Distance, delays and denial within VA's Organ Transplant Program
Author: KVUE Staff
Published: 10:28 PM CDT August 16, 2016
Updated: 5:03 PM CDT August 17, 2016
DEFENDERS 4 Articles

As Aaron Arch looked over the collection of coins, given to him for his service and sacrifice, he thought about the men and women still serving.

“They needed help and I was able to help in the kind of support they needed,” said Arch as he put down one of his favorite coins.

It was from the Ft. Hood military base where Arch served in the hospital. He treated men and women who got injured during service.

Now, he’s the one who needs help.

“My lungs are damaged as a result of seeing something foreign about it,” said Arch.

Arch got sick in Operation Desert Storm. Doctors don’t know what caused Arch’s immune system to fail. They only know Arch will eventually need a new lung.


Distance, delays and denial within VA's Organ Transplant Program

Chapter 1


His local VA in San Antonio does not perform lung transplants, but it is next door to a surgery center. The University Hospital boasts a 92 percent success rate. Arch can’t go across the street. Instead, the VA sends him 1,200 miles to Madison, Wisconsin.

“It just makes me more susceptible to infections. I’ve had pneumonia a few times - things like that,” said Arch.

He risks his life with each flight. It’s a risk Jamie McBride says is unnecessary.

McBride is a registered nurse, certified clinical transplant coordinator, and Veteran Affairs whistleblower.

“If you look at Madison, Wis., for example, list themselves as doing different types of transplants. They don't actually do any transplants. Our patients fly to Madison, Wis., to go across (the) street to the local university,” said McBride.

McBride wants the VA to operate the same way in San Antonio.

The VA in Wisconsin has a contract in place with another hospital. The hospital does the work and the VA picks up the bill. Veterans who need a transplant must go to one of 13 transplant facilities within the VA.

Researchers looked at VA liver patients who travel hundreds of miles for care. Their study, published in the Journal of the American Medical Association, states veterans are more likely to die if they have to travel for transplant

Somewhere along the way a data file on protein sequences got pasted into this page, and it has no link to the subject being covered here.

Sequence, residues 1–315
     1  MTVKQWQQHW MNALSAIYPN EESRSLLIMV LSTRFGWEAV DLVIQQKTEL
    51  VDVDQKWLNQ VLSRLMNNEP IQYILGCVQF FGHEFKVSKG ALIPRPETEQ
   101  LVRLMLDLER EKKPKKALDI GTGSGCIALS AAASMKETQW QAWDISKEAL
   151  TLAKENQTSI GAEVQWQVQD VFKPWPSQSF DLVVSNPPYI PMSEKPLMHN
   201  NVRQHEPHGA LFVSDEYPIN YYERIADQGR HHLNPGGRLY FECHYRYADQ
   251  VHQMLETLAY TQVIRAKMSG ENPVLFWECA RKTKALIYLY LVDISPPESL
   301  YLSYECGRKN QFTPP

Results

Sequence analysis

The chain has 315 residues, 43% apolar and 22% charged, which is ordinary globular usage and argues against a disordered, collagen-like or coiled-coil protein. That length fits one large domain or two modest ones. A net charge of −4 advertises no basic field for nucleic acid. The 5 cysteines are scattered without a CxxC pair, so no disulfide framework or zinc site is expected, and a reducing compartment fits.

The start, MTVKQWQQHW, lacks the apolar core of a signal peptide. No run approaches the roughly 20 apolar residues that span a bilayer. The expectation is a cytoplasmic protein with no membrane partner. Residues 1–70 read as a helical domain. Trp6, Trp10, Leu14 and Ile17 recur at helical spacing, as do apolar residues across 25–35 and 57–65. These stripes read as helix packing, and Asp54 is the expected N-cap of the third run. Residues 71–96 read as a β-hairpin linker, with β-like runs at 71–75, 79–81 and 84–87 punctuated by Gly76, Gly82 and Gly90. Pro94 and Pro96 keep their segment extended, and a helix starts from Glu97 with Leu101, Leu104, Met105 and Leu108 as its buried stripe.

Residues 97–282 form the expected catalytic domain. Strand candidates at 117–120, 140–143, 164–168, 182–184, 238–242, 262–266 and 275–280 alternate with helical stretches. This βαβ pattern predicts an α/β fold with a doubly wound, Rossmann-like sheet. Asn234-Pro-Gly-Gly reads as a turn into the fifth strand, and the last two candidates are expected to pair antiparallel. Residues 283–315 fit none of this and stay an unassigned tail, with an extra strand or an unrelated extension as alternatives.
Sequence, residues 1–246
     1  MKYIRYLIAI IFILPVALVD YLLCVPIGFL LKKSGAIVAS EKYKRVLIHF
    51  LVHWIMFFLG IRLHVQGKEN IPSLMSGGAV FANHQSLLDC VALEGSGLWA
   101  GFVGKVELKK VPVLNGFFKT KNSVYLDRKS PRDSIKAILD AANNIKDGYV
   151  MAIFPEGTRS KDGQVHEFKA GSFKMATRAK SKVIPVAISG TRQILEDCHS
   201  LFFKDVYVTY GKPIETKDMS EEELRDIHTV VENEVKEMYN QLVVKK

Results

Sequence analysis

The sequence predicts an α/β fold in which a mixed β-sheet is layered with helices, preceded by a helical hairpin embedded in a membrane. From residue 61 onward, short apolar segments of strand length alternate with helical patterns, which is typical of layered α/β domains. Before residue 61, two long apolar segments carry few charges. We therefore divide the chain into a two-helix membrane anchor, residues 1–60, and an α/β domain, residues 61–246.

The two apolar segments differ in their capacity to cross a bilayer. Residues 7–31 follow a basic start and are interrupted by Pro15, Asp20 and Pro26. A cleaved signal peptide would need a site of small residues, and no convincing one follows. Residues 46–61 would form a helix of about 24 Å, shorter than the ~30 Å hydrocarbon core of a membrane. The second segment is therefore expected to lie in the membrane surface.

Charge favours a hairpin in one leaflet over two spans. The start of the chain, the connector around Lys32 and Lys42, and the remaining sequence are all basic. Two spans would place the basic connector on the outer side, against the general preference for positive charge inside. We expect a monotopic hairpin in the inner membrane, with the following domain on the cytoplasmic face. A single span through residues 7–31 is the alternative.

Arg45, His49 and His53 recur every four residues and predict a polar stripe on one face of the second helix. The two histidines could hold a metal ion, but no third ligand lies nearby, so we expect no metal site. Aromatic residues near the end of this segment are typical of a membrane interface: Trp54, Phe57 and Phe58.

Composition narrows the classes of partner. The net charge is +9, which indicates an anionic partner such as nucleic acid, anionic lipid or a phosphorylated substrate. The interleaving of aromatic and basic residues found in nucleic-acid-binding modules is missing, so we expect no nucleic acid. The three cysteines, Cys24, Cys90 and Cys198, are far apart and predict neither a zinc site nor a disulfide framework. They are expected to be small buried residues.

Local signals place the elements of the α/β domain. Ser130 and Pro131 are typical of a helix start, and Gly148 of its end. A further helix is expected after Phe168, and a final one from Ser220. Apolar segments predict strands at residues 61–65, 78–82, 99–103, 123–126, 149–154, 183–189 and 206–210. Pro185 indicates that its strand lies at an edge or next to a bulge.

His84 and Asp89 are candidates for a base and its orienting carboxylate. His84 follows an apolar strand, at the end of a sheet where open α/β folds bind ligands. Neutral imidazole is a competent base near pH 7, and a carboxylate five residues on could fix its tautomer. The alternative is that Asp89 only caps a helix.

“Veterans that were more than 100 miles away from the closest transplant center are disadvantaged. They have less access to a lifesaving transplant which directly correlates to a higher chance of dying,” said Dr. David Goldberg, author of the study.

This study is real life for Pam Moore, of Minnesota.

“I think they should be home where they’re comfortable,” said Moore.

Her husband, John, died waiting for a liver transplant. He was a military police officer who caught hepatitis C from a blood transfusion while in the Army. The family spent years on a VA wait list. The VA sent them every three months to Texas to seek treatment for his liver.

“If it would have been done here, I think he would have had lived. I think he died unnecessarily. That’s truly what I believe,” said Moore.

Chapter 2


“They said your only chance of survival is with a bone marrow transplant,” said Tammy Baggett of Atlanta.

The Navy veteran recalled her reaction to the first time she heard she had cancer.

“I was like, how long am I going to live? It looked very grim on (the doctor’s) face. I said my son graduates from middle school next month will I be able to make it,” said Baggett.

Baggett said the VA wanted her to travel to Nashville, Tennessee. In order to get the surgery, she needed to be in full remission. Her rounds of chemotherapy did not stop the Leukemia.

She sought care locally. Emory University Hospital accepted her as a patient and performed the bone marrow transplant that extended her life. The VA denied her request for covering the cost of the procedure.

A 2012 VA Office of the Inspector General’s report highlighted wrongful denials within the VA.

“VHA should consider if changed to their transplant review process should be made to address facility specific absolute contraindications to transplant,” said inspectors in the report.